Green plants are typical photoautotrophs. Plants absorb sunlight to generate ATP and to disassociate water into oxygen and hydrogen. To break down the water molecule, H2O, into hydrogen and oxygen requires much energy. The hydrogen from water is then combined in the “dark reactions” with carbon dioxide, CO2. The result is the production of such energy-rich organic molecules as sugars, amino acids, and nucleotides. The oxygen becomes the gas O2, which is released as waste back into the atmosphere. Animals, which are strictly heterotrophs, cannot live on carbon dioxide, sunlight, and water with a few salts like plants do. They must breathe in the atmospheric oxygen. Animals combine oxygen chemically with hydrogen atoms that they remove from their food—that is, from organic materials such as sugar, protein, and amino acids. Animals release water as a waste product from the oxygen respiration. Animals, like all heterotrophs, use organic materials as their sole source of carbon. This conversion of carbon provides an example of an aspect of an ecological cycle in which a required element flows through different types of organisms as it changes its oxidation state from CO2 to (CH2O)n and back to CO2.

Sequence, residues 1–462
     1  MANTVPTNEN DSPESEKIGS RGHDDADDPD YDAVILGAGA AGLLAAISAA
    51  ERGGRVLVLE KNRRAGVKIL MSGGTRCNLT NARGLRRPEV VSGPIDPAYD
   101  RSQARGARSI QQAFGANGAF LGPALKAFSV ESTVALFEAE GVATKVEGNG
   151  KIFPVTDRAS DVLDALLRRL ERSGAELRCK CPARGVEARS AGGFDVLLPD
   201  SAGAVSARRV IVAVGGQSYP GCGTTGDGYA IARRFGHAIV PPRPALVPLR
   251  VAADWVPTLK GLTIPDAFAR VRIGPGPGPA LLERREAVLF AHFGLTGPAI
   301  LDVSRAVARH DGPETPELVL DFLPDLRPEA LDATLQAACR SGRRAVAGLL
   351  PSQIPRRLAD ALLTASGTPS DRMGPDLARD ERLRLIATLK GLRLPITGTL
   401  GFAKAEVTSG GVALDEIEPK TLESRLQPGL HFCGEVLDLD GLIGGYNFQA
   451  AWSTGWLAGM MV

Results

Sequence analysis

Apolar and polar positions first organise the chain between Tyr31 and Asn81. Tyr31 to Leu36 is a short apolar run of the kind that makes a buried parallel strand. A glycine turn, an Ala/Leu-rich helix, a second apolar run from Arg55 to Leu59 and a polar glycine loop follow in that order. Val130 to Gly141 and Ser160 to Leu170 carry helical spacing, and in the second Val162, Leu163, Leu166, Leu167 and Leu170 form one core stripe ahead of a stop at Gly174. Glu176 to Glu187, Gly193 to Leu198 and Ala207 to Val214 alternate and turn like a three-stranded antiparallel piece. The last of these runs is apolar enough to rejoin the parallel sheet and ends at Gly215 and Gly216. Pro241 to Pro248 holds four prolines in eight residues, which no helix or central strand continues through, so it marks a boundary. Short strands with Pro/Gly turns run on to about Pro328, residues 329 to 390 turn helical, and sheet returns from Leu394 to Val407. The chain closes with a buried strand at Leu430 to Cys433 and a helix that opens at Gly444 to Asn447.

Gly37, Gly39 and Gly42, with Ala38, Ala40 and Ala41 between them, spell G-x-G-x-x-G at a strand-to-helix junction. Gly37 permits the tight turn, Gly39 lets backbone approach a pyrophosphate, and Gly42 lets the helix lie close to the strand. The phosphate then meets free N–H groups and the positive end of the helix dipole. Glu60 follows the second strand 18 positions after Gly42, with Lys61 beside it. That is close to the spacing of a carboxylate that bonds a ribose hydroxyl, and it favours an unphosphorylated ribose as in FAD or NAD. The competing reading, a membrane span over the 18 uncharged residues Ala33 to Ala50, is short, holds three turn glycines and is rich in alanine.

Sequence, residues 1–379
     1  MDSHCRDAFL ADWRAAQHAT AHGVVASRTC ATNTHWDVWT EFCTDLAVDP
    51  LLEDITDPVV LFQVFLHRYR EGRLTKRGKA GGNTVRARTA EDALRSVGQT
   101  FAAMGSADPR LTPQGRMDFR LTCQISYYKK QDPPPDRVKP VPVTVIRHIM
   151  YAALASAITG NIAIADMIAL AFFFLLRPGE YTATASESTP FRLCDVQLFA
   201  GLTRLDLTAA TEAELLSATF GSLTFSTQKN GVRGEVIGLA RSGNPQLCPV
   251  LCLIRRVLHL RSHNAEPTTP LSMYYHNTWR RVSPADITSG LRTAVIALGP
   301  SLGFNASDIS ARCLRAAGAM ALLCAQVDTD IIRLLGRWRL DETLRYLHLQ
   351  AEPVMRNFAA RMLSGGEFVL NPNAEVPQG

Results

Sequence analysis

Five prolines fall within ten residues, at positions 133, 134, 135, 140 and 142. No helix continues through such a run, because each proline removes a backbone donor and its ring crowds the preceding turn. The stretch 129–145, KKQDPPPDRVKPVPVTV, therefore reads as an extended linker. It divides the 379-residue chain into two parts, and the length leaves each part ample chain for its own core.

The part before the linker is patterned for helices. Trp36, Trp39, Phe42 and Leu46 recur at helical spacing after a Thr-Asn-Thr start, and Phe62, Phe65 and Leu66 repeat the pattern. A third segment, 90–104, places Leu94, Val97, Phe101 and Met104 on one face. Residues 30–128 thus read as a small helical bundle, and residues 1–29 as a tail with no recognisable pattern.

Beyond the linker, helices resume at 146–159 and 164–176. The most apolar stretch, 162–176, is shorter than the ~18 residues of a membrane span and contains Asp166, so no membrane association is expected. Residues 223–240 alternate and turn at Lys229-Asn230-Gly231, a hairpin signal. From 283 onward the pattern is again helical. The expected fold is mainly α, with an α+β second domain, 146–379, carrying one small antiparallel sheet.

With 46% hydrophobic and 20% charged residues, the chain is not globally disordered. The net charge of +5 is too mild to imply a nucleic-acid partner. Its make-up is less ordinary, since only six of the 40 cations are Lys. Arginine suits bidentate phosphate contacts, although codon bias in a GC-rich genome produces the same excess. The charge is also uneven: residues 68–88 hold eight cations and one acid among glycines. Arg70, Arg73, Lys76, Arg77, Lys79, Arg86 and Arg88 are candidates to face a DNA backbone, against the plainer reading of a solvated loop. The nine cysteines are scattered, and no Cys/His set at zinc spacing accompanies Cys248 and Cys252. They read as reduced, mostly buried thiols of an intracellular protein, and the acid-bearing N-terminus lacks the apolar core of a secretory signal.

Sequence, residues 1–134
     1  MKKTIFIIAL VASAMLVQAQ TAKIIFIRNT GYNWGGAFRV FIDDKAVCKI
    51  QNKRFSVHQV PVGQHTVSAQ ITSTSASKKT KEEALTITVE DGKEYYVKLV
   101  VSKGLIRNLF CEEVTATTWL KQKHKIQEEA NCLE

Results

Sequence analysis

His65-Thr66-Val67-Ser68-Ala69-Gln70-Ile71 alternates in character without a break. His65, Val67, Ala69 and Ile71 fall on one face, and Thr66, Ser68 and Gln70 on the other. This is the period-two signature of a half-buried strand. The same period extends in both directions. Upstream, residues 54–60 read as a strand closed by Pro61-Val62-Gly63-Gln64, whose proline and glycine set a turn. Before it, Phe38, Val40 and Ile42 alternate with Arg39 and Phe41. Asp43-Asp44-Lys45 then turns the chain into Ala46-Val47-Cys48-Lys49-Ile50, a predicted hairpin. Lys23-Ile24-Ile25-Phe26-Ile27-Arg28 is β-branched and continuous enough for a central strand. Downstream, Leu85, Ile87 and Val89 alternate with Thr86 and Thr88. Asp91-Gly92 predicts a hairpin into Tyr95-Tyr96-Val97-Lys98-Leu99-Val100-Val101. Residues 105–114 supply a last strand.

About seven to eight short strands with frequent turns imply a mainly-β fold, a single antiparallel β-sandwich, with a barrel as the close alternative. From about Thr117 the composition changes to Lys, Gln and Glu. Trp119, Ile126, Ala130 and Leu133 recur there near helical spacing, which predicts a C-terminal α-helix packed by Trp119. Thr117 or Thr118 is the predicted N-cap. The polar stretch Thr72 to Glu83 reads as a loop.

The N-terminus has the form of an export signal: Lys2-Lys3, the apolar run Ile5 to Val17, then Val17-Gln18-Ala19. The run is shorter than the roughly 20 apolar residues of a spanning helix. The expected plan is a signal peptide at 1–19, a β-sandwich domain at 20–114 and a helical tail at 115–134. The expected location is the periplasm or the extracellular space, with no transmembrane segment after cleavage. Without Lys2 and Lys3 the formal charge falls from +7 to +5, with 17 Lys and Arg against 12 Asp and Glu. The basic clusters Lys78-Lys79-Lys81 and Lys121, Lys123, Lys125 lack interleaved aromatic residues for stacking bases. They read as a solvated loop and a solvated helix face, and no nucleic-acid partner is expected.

Calvin cycle
Pathway of carbon dioxide fixation and reduction in photosynthesis, the Calvin cycle. The diagram represents one complete turn of the cycle, with the net production of one molecule of glyceraldehyde-3-phosphate (Gal3P). This three-carbon sugar phosphate usually is converted to either sucrose or starch.